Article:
The Rooming House Diaries: Life, Love & Secrets” by Bill Mathis— An Old Rooming House

Mathis, Bill. “The Rooming House Diaries: Life, Love & Secrets”, Rogue Phoenix Press, 2020.

An Old Rooming House

Amos Lassen

We love reading about secrets so it is fascinating to be able to read six diaries that were discovered in an old rooming house and give the lives of the owners and tenants over a hundred years in Chicago.

The diaries include those of an unwed pregnant teen, a teen from Paris after a relationship during World War I, a  Mexican who is the first in the neighborhood, undocumented AIDS clients and a mother who worked in a brothel. leaves a long-hidden diary that details her undisclosed life of brothels. The characters are fascinating and their stories mesmerize as we cross time spans.

Each diarist added a little bit more and added to the fact that a family does not have to be one that you are born into. Writer Bill Mathis takes us through lives of his characters and we see their  loves and feelings about so much.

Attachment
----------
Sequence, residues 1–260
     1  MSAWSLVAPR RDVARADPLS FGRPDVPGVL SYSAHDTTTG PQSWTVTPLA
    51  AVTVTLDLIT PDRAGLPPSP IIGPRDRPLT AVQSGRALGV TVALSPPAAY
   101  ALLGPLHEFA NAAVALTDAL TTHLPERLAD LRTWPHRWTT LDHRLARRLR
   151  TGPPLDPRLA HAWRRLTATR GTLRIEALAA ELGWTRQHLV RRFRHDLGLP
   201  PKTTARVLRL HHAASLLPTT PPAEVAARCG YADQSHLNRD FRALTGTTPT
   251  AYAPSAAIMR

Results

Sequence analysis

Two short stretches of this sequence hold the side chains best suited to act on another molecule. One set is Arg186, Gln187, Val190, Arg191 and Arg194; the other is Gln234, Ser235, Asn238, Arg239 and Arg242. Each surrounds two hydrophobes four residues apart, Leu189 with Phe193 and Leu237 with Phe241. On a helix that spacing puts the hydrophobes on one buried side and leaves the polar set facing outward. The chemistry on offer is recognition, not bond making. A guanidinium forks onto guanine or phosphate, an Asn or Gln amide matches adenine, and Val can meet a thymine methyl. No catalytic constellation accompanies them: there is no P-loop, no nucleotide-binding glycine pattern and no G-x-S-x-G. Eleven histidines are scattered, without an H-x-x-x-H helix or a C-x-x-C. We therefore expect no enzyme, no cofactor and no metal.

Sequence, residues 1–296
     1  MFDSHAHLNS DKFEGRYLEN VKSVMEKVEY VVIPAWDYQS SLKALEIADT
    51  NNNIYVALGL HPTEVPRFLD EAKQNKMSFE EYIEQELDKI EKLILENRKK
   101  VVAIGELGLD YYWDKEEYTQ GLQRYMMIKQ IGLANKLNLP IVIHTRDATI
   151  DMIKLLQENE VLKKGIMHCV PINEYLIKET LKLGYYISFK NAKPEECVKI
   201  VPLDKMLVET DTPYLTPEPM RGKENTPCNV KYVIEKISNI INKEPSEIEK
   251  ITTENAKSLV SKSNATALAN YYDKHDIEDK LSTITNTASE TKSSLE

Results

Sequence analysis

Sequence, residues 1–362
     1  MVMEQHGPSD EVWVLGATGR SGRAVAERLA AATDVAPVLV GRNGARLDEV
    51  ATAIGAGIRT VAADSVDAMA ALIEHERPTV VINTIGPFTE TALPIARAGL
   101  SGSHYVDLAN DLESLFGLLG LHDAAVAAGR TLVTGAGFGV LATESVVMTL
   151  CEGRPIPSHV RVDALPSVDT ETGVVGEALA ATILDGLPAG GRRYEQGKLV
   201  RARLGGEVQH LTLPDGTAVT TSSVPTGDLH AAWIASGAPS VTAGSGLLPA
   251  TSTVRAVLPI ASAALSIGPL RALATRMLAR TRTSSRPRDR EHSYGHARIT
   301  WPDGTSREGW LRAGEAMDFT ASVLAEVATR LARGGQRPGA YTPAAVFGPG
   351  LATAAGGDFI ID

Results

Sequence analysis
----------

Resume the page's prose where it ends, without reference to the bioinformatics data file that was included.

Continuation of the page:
A Polish immigrant built the rooming in the late 1890’s by a Polish Immigrant but had to leave the old country. It is through the diaries that were written by those who lived in the house that we learn so much about humanity. We also have the diaries of the family members of the man who built the rooming house. In is in the diaries that the theme of humanity runs strong along with ideas of redemption , learning how to live and acceptance. We see how a family is built even of the members do not share blood.  We are taken through the ups and downs of life as we go through  woes and wars, marriages, discrimination, wars, troubles, marriages, racial discrimination and see the neighborhood that moves from immigrants of Eastern Europe to Mexican to Black and how people were treated over the course of a century.  

It is Manny who finds the rooming house after a quarter of that century of being homeless and a hustler who sold his body to other men in order to survive. He finds the rooming house to be a home and it is his story that is the center of the book.

Mathis is a fine storyteller who pulls us in on the first page. He is also an excellent writer who had me turning pages as quickly as possible and who kept me captive as I read the book in one sitting. It is the prefect read during these trying times and certainly more fun than watching the bad news of television.



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